Is there a Republican ‘war on women’?
For weeks, President Obama, Democratic activists and their friends in the media have relentlessly pushed the idea that Republicans have launched a “war on women.”
After weeks of this carefully orchestrated campaign, the consensus among administration officials and Beltway insiders is clear: women are outraged by Republican policies; the GOP has done enormous damage to its brand among women and the Democrats are going to reap the benefits at election time.
If you’re David Axelrod or Debbie Wasserman Schultz, it’s a great story.
But is it true?
The Washington Post has no doubt. A few days ago, the paper ran a story titled “Recent Debate over Contraception Comes as GOP Loses Gains among Women.” The story is filled with quotes and anecdotes about how knuckle-dragging Republicans have badly damaged themselves by daring to stand up to the latest Obamacare mandate.
But what are the facts? What does the polling actually say?
The latest CBS News/NY Times poll shows that women’s approval of Obama had dropped by 12 percent in the past month, entirely erasing the Democrats’ traditional lead among women.
The same poll shows 53% of women believe that “religiously affiliated employers such as a hospital or university” should be able to opt out of mandatory contraception coverage.
Of course, that is exactly the opposite of the controversial position taken by the Obama administration.
Whether the inaccurate reporting is intentional misdirection or honest confusion is not for me to say. But talk about a gender gap is not new news.
Since 1992, Democrats have done better with women in presidential elections; in 2008, women supported Obama over McCain by 13 points.
What is new is that in the 2010 congressional elections, there was no gender gap — women split their vote evenly between Republicans and Democrats — the only time Republicans have matched the Democrats among women voters in the history of exit polling.
The result was devastating for the Democrats. Republicans gained more seats than at any time since the Civil War. A record 87 Republicans were elected and a record nine of those freshmen were women — another story the media missed.
The end of the gender gap sent shockwaves through the Democrat establishment. They need a gender gap to have any chance in 2012, but they are having a hard time manufacturing one.
After all, four of the six women governors today are Republicans. And we’re the only party in the last 25 years to nominate a woman for vice president.
This time the plan backfired, as the Obama administration was widely perceived by both men and women to be attacking religious freedom.
But you can bet the Democrats and their media friends will keep trying to find some story that works.
The Democrats believe that talking about health care will help them politically — even if they need to stretch the truth. I say: Let’s talk about health care.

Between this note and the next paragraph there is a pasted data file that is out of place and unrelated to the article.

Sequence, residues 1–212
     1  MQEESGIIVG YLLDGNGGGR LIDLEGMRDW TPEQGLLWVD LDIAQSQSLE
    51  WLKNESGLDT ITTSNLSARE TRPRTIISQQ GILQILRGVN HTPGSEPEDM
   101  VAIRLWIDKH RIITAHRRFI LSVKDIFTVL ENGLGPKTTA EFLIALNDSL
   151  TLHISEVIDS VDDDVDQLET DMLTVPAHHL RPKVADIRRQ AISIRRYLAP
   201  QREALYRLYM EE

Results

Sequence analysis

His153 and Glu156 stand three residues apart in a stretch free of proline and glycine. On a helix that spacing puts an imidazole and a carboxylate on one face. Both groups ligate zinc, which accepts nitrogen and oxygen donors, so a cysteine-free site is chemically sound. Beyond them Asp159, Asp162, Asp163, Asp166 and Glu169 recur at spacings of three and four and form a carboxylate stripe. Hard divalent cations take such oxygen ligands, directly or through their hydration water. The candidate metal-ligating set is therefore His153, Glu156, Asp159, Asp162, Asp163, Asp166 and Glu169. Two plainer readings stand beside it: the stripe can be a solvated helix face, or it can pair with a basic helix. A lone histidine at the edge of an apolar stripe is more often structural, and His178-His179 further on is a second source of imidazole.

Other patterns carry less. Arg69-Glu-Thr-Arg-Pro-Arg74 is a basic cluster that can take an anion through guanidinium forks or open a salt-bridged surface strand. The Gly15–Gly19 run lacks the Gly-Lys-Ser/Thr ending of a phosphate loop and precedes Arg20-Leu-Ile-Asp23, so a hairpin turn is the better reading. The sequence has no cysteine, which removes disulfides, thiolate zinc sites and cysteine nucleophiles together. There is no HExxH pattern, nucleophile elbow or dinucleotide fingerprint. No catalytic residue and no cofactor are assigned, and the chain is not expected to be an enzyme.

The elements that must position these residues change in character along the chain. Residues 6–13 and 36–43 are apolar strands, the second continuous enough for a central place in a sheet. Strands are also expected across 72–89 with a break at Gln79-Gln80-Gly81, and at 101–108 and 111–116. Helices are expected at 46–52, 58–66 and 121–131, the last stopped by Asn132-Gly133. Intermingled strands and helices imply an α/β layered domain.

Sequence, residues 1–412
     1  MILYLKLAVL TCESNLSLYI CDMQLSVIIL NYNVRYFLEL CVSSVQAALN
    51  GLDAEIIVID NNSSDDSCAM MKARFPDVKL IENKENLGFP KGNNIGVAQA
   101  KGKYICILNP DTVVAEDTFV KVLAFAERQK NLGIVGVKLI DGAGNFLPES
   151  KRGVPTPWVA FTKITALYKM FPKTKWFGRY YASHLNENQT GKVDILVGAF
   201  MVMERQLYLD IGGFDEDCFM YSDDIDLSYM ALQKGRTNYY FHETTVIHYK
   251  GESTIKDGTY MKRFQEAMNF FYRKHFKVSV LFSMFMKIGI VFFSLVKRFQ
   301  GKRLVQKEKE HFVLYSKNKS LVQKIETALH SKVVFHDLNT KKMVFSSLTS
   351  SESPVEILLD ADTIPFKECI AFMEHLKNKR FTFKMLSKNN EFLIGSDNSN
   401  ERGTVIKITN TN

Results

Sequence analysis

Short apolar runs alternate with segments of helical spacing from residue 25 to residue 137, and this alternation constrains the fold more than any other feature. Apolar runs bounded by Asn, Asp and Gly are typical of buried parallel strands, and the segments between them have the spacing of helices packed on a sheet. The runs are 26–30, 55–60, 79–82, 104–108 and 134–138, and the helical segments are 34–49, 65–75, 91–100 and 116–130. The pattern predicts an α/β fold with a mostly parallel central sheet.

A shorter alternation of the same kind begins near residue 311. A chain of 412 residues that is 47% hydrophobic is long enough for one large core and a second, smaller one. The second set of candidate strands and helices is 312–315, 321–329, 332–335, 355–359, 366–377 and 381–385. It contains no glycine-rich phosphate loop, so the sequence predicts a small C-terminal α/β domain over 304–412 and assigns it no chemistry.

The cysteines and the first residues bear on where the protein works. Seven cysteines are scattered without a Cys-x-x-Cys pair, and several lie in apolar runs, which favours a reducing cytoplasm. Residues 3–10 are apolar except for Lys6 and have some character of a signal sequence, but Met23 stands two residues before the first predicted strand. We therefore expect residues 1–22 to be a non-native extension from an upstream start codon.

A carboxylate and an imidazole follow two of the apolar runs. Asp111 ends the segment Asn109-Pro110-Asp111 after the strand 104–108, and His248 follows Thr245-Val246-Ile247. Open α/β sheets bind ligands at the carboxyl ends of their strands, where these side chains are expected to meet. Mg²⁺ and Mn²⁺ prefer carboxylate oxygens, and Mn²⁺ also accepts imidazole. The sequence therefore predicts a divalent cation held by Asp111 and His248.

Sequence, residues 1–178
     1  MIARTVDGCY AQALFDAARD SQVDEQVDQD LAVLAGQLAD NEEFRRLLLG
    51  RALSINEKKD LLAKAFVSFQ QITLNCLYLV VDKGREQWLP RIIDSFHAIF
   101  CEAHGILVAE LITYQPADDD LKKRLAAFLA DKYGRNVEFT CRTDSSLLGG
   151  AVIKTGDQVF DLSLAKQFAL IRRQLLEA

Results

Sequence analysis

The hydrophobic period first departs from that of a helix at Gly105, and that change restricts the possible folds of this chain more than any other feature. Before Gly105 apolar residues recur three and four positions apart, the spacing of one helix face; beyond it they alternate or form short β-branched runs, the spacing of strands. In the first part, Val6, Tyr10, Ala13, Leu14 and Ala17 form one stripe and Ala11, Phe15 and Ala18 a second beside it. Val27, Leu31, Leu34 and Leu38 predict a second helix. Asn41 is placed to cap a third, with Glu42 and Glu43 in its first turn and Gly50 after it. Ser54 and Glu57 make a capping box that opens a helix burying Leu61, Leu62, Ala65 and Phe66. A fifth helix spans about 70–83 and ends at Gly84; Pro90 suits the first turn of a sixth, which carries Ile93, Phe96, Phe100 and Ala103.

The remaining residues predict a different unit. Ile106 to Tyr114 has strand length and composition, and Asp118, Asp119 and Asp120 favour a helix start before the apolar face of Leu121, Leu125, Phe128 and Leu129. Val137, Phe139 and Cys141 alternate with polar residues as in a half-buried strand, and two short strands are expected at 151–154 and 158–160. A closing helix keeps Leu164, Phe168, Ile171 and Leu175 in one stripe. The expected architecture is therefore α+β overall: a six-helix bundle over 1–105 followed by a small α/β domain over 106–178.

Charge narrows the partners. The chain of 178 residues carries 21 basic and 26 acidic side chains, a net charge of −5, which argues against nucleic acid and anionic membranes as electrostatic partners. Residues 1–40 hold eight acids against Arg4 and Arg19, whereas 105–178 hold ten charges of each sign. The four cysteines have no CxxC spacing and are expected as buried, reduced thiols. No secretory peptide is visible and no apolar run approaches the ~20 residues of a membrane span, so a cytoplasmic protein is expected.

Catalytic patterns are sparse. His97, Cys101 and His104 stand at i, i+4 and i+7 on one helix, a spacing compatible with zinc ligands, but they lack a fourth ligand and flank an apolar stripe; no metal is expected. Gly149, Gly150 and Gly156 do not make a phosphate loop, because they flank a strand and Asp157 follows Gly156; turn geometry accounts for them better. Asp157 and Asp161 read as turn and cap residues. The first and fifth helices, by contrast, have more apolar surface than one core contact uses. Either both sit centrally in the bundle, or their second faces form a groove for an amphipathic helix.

Let’s talk about the fact American women make 85 percent of all health care decisions and represent the vast majority of the people working in health care professions.
Let’s talk about the 15 unelected members of IPAB, the Independent Payment Advisory Board, who are charged with deciding which of your medical treatments should receive federal funding.
Let’s talk about the individual insurance mandate that tells a woman what type of insurance she needs to buy for her family.
This pseudo-controversy about “women’s health” has only reminded American women of what Obamacare did — undermining their power to make health care decisions, and shifting that power to the government.
Republicans shouldn’t get complacent — we still have a lot of work to do to make women comfortable with the GOP and make the GOP comfortable for women — but the trend of the last few years, and the last few weeks, is unmistakable and encouraging.
Sometimes Republican men who talk about budgets and fiscal restraint are in danger of boring the women in the audience to tears.
As any mom will tell you, balancing a budget is important, but it is nothing compared to giving birth or raising a child.
I think that’s the main reason there’s been a gender gap: Republicans who talk only about finances are not going to attract women voters.
But let’s talk about health care choices, about Obamacare, about families, about raising children and trying to find a job in a tough economy. These are women’s issues and Republican issues for 2012.
Republicans are not at war with women. The real story of the last few years isn’t the Republican “war on women”; it’s that women are turning to the Republican Party more than ever before. And it’s a trend that shows no sign of stopping.
Rep. Cathy McMorris Rodgers (R-WA) is vice chair of the House Republican Conference. She is the highest-ranking Republican woman in Congress.